Needing to Take a Second Glance in the Mirror and Other Needs

One day goes into another. No progress made. Just emptiness left. I am on this journey or drive to find how to live my life again. I feel as if no progress has been made. It feels as if no progress will ever be made. That I will forever be stuck in the haze or phase. I know that is not true, but it feels that way at times.

I went to the store a few days ago. Before going, I could not decide if I was up to walking out the front door and facing the world or not. So I kept putting it off. When I finally decided that enough was enough and I needed to force myself out of the house, I glanced in the mirror. I had not curled my hair or done anything to it. I have long hair, but it is fine and unless I curl it, put it up or french braid it, my hair looks greasy as if it were not washed. After glancing and seeing my hair looked as if it needed to be washed, I decided that if I took any more time to fix my hair my nerve to walk out the door would, well walk out the door without me. So I went out with my hair appearing dirty. It was combed. I had makeup on. I know I did not look my best but I was not trying to impress anyone.

I went to the check out at the store. The cashier was elderly. She was friendly and talked with me. There is no one on-line so we chat. I do not mention my husband or anything else. Rather we talked of sales at other stores, how cold it has been for the south, just small talk. Suddenly she said to me “If you curl your hair you would look so much prettier. You are very pretty but you are hiding your looks behind dirty hair”. Normally I would have told this person off or told them of my husband dying, invoking sadness from the cashier. But my life is anything but normal. I knew she was not trying to be cruel. She was telling me what she saw. She felt that through our small chat we somehow connected and she wanted to be nice. It did not make me feel good that a stranger told me how I would look better if I curled my hair. I know this. It really did not even hurt my feelings, rather it was somewhat of a shock to hear it.

Which got me thinking. Do I look worse than I think I do? Are my quick glances in the mirror enough to make sure I am at least presentable to the world? Or do I need to make the glance last a little longer, look for flaws? Am I allowing myself to not look my best out of habit because it took so much time to care for my husband I had stopped caring for myself? Are there other areas in my life I am not examining close enough? And just how bad did I look that a stranger decided to tell me to curl my hair?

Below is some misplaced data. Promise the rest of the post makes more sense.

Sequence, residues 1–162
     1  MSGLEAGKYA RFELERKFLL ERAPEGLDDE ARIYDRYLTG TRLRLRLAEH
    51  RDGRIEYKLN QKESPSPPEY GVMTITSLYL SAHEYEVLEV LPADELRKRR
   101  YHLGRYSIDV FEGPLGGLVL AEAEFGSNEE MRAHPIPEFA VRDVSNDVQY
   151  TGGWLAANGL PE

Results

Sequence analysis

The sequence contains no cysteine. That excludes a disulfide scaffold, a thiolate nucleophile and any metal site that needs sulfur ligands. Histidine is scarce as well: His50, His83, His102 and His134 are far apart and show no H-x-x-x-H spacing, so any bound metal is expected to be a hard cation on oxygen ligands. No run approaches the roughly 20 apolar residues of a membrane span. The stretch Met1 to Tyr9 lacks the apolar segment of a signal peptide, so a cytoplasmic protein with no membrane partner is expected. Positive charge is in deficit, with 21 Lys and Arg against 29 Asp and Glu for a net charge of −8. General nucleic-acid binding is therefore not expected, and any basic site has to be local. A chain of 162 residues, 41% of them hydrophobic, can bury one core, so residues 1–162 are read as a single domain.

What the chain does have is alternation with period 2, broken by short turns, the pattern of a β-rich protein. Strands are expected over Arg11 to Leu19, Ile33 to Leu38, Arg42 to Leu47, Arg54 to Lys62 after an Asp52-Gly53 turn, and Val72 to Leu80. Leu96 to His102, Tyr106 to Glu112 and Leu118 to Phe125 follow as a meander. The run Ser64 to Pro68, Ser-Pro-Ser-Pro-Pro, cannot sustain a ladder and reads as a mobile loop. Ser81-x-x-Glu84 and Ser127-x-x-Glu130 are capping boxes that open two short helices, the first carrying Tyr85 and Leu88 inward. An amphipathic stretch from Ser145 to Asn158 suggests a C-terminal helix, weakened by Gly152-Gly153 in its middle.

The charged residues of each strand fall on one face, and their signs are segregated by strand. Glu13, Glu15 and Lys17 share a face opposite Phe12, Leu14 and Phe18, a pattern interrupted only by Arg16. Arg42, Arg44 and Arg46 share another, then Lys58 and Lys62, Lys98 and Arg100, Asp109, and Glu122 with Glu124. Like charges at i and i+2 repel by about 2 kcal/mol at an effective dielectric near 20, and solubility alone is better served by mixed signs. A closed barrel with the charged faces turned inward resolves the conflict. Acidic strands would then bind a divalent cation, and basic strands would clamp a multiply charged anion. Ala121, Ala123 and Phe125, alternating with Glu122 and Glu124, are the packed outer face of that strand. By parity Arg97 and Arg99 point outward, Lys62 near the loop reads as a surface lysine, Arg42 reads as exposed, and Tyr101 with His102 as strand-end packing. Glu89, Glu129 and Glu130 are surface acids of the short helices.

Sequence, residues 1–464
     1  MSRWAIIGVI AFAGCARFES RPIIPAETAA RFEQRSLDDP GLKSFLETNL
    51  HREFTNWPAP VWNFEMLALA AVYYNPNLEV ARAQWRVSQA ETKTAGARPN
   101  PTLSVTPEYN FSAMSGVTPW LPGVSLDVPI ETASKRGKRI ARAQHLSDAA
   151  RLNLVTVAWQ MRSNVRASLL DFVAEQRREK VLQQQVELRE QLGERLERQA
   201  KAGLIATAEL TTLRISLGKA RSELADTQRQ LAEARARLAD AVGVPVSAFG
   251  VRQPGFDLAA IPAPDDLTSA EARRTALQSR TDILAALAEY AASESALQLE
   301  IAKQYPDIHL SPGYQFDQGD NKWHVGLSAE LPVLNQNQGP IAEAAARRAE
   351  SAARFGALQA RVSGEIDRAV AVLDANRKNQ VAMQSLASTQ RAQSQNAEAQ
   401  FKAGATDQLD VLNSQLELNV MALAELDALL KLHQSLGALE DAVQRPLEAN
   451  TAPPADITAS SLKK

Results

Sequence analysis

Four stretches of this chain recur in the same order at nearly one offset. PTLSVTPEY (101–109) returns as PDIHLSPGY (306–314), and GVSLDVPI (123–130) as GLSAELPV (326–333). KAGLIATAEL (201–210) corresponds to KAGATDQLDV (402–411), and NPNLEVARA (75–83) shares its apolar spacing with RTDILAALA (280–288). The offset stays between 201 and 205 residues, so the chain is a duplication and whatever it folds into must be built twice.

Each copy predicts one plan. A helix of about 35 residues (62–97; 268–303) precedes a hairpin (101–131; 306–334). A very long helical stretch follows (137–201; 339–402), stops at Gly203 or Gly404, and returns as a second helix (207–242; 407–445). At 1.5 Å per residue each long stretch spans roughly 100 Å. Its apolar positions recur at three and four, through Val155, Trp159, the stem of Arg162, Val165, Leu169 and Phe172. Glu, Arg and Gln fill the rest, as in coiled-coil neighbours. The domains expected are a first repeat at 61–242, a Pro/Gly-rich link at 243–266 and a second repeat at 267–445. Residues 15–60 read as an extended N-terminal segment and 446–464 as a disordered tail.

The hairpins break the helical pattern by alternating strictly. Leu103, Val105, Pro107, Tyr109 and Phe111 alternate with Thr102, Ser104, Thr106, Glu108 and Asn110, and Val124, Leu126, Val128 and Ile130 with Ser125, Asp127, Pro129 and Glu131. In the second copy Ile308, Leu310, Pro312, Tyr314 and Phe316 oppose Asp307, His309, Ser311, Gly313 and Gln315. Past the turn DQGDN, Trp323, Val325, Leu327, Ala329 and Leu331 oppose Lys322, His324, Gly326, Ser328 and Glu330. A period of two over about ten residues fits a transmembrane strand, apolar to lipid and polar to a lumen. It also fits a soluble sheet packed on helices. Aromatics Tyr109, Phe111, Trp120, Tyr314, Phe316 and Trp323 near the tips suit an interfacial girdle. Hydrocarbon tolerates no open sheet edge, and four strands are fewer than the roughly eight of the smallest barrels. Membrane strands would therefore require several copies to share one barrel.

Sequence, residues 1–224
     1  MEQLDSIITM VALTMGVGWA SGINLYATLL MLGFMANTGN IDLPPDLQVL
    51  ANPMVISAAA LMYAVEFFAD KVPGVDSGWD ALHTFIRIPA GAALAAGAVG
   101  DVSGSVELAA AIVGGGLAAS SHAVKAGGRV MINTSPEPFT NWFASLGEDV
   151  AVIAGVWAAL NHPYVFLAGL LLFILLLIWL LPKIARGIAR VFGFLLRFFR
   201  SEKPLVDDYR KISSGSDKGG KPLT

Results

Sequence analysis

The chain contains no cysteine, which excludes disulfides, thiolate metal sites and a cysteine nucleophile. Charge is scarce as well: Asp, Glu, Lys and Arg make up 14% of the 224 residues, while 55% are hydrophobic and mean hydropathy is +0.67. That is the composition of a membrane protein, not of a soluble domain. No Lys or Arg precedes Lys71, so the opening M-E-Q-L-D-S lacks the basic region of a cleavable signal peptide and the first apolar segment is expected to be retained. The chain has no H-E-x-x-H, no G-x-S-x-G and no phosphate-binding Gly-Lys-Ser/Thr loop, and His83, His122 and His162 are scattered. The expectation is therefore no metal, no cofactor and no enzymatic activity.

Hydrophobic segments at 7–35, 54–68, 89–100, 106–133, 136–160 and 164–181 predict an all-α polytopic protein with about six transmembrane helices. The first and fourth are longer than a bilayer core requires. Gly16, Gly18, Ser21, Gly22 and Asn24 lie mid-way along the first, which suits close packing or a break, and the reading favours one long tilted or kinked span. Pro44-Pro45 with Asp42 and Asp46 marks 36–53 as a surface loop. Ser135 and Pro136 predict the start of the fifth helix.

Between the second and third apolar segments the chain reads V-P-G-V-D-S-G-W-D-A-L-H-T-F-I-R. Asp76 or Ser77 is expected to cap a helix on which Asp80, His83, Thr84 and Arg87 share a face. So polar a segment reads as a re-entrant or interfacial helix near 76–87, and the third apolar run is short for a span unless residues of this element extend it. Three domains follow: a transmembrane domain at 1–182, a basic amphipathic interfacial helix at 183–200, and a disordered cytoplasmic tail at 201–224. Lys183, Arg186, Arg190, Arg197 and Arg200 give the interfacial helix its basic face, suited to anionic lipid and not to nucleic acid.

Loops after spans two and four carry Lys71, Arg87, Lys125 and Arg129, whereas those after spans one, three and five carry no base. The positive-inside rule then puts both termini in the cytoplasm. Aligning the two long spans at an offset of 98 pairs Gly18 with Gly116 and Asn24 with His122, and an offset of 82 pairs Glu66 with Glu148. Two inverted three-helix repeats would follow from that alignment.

There are a lot of questions I need to ask myself. There are a lot of answers I will be searching for. But I do not think the question of how my hair looks should be one of them. I need to start paying more attention to how I look. While I will still glance, the glance will linger, not looking into my eyes, rather at the reflection as a whole to see if there is anything that needs to be done. Then I need to fix the outside of myself. Make sure I am not wondering how I look on the surface or at first or second glances.

Fixing what is wrong on the inside will be a lot harder. I do not know what is wrong that I can fix. I know there are things wrong, such as my panic attacks or migraines that I really can do nothing about. But getting over the fear of walking out the door is one I need to fix and it will be hard. I am working on it. The small things that need fixing, many I am not even aware of, is where it seems to go from a journey to an endless journey. From hope to despair with each day nothing is done. I must try harder fixing not just is what is on the outside, more importantly I need to fix what is wrong on the inside. Only when I start fixing what is wrong will I feel a real sense of accomplishment, not just a hollow okay feeling. If anyone were to ask me if anything is wrong, I know I would answer without hesitation that nothing is wrong. I would not be lying, as whomever would ask would not be asking the questions I am trying to answer. Needing to get back my life is not just something I am writing, it is something that is essential to my happiness. It may be in baby steps, but I have to start somewhere. Tomorrow, I will curl my hair. It is not an earth moving realization, it is not even a superficial realization, but for me it will be a step.

Migraines, Memories and Mirrors